MILWAUKEE -- Milwaukee Police Chief Ed Flynn says it may be by the grace of God that a Wauwatosa detective survived after he was shot while investigating a burglary on Friday morning, June 19th near 60th and Good Hope. The suspected shooter, 20-year-old Najee Harmon was taken into custody on Saturday. Police got a tip and found Harmon hiding in a home on the city's north side -- in the 2500 block of N. 21st Street. Milwaukee's top cop gave an impassioned response on Saturday, June 20th when talking about the difficult job of an officer.
"Who else in this society, sworn to uphold the Constitution at the risk of their life, is asked to risk their life again to not injure a suspect in a murder?" said Flynn.
Chief Flynn praised the restraint of his officers as Harmon was taken into custody. Police on Friday deployed tear gas on a home near 12th and Keefe, and then searched it for Harmon. The home was empty.
Police thought Harmon might be inside the home because they found a vehicle there that Harmon is believed to have stolen back on June 16th.
"You saw that setup (Friday). How long did our officers spend outside a house where they thought they had an armed man who just tried to kill a police officer?" said Flynn.
Harmon was arrested at a home in the 2500 block of N. 21st Street on Saturday. A tip led officers to that location.
During a press conference about the arrest of shooting suspect, Najee Harmon, Flynn talked about his anger that a 20-year-old with two felony convictions did not spend any significant period behind bars.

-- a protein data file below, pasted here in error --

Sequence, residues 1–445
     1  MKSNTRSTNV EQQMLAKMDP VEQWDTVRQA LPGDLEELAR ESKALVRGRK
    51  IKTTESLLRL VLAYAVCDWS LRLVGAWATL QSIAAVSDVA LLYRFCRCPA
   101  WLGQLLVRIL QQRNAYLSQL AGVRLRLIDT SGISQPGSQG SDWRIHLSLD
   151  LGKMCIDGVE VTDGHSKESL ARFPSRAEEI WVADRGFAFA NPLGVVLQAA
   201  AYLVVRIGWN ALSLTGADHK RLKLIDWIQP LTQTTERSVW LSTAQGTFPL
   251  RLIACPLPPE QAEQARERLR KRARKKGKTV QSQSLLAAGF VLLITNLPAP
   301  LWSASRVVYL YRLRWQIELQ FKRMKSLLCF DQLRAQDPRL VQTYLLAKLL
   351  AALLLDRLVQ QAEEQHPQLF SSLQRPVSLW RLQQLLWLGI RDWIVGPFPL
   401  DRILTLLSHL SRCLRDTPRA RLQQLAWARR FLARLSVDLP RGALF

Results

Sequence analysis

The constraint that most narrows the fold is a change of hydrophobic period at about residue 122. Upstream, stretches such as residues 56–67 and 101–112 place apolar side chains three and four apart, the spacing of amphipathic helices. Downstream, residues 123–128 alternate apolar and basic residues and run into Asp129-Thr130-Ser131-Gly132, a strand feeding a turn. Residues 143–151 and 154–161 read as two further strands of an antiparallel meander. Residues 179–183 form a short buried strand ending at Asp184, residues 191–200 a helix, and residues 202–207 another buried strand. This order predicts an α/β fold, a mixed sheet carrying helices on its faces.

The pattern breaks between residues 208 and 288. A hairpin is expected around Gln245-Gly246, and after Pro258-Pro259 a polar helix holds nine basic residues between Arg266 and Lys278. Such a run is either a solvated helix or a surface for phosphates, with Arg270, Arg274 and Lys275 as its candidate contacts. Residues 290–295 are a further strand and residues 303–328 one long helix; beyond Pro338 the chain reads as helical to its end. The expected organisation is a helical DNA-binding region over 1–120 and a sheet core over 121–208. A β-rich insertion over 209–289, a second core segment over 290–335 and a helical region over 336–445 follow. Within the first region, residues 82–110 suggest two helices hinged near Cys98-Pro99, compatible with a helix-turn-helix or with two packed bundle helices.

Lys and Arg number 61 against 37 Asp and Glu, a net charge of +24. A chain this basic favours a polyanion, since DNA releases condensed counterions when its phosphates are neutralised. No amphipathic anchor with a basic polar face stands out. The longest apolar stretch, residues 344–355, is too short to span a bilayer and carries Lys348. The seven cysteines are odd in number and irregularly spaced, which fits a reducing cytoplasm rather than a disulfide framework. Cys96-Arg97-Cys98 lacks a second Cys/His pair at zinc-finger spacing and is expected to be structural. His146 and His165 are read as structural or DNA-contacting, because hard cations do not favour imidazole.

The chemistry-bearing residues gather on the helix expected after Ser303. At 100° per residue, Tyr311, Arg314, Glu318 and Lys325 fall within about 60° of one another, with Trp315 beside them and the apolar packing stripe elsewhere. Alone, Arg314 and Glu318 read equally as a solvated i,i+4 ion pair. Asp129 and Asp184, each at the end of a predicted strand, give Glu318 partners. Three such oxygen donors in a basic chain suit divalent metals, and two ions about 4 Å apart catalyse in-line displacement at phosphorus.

Flynn says a national narrative that young men are being locked up without due process is not true. Flynn says the reality is the criminal justice system may be too lenient.
"Do a little bit of research. There are hundreds of Harmons in our criminal justice system. The reason is both philosophical and resource driven," Flynn said.
Flynn says the criminal justice system struggles to handle the case load when it comes to crimes being committed in poor neighborhoods with inter-generational poverty.
"We make thousands of arrests. We make 15-18,000 arrests each year -- just us. Do you think we can have 18,000 trials? So of course people are given a break," said Flynn.
Flynn says a year filled with several high-profile cases critical of how police perform their jobs around the country has drowned out the reality on the streets.
"Every time a police officer kills someone in this country, we act as though this is a daily occurrence. And the daily occurrence with which, you know, the incredible lengths we go to not injure people. Think about it," Flynn said.